Much ado was made of the Great West v. Knudson case, decided by the United States Supreme Court on January 8, 2002. Not since 1990 had a case on subrogation come from the U.S. Supreme Court affecting a self funded ERISA plan's ability to enforce a subrogation or reimbursement provision.
Until Knudson, self-funded plans were able to pursue subrogation and/or reimbursement under several theories, or “causes of action.” The Knudson decision, however, distinguished those theories and discussed the nuances of "legal" (i.e., contractual) claims versus "equitable" (i.e., wording from the ERISA statute) claims. The Knudson Court concluded that self funded ERISA plans do not have legal claim for subrogation in federal court, only equitable ones. But even the Knudson Court said "no" to Great West's equitable claim because of how that case was plead, unusual facts, and a complicated procedural history. The fact that settlement funds in the case were previously distributed to a Special Needs Trust also made a difference in the outcome. Confusion set in.
Then came Sereboff v. Mid Atlantic Medical Services, decided in early 2006, after the Sereboff's previously refused to reimburse their health plan's $75,000 lien from a $750,000 settlement. The decision cleared up much of the gray area created in Knudson. The Court affirmed a plan's equitable right to subrogation pursuant to plan terms. It also went as far as saying that plans have an equitable lien by existence of their subrogation provision even before recovery funds have been received, although it is still important that those funds are identifiable and not dissipated (like in Knudson).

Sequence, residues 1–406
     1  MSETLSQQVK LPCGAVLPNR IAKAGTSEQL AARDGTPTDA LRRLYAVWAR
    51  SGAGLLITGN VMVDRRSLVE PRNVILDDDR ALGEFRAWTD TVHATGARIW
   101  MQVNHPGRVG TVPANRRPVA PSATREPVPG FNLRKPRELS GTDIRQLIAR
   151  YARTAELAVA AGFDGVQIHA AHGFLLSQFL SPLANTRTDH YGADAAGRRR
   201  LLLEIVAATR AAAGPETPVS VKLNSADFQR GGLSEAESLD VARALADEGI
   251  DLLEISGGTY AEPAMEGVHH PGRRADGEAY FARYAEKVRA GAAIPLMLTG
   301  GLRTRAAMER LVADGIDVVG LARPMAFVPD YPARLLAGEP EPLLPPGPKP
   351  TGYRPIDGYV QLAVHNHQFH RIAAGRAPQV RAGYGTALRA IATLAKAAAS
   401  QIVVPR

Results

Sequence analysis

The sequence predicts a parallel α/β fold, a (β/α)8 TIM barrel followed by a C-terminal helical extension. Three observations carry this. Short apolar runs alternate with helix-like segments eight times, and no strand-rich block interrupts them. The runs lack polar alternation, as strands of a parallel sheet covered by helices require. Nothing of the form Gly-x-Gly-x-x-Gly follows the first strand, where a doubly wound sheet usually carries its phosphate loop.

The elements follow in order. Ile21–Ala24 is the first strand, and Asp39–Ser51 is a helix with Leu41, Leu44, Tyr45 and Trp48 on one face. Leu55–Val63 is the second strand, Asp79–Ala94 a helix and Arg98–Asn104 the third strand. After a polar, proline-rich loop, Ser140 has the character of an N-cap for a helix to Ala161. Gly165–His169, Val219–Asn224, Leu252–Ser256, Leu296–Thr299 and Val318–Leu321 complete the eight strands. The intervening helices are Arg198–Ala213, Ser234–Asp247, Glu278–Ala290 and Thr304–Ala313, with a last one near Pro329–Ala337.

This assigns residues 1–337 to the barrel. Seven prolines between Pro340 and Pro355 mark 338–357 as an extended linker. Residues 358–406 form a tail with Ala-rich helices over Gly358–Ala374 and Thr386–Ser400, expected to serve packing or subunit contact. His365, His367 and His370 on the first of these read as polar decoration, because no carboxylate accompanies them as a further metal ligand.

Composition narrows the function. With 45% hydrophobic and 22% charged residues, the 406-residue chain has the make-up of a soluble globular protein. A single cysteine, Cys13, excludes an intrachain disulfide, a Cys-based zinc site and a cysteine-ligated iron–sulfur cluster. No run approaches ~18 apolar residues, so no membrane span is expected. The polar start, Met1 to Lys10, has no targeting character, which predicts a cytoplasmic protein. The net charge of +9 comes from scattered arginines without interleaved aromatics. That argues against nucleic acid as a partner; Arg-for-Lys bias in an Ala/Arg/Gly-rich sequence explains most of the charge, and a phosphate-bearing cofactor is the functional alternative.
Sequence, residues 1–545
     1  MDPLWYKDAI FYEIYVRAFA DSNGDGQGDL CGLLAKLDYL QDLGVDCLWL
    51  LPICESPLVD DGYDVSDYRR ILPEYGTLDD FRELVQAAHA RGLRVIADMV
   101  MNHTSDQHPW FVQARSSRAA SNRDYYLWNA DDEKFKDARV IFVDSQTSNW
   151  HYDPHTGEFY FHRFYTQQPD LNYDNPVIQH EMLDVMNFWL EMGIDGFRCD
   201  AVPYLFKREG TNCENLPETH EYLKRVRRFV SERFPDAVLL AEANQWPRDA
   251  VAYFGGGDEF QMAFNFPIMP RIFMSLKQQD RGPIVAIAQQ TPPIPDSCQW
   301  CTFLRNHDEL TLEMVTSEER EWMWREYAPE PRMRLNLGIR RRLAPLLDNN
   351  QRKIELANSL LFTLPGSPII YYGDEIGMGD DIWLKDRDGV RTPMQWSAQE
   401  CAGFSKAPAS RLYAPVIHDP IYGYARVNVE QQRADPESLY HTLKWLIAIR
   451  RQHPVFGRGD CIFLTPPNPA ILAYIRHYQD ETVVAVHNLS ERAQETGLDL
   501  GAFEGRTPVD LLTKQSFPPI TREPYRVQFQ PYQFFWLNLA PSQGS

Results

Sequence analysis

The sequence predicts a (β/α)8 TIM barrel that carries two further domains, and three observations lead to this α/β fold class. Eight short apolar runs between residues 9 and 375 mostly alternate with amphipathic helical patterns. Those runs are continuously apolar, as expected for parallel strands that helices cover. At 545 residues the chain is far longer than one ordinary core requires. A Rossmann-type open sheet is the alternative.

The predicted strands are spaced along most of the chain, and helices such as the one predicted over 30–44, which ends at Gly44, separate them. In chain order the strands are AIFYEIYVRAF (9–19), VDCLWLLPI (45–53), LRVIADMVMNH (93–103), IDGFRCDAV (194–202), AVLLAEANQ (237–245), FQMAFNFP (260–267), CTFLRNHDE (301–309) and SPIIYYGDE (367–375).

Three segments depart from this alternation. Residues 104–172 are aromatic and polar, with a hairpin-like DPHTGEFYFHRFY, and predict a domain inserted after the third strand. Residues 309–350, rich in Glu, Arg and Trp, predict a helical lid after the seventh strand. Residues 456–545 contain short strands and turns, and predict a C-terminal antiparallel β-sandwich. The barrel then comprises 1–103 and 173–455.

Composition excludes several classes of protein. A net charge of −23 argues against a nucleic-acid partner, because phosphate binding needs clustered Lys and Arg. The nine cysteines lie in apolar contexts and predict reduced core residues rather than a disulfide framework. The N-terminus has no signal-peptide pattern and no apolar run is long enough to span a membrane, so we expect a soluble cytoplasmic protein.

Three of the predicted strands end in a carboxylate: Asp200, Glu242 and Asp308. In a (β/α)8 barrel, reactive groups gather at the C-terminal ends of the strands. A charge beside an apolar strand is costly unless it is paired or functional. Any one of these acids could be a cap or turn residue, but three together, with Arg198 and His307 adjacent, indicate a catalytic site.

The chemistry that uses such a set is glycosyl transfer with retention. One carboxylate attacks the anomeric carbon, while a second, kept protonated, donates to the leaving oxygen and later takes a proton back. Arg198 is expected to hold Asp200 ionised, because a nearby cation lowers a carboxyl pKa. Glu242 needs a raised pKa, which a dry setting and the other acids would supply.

For more insight, and some interesting tangents, see Wikipedia's entry.
Remember that Sereboff supports a plan's right, but it doesn't guarantee it. Actual recovery depends more on early case identification, the right plan language, and systematic execution.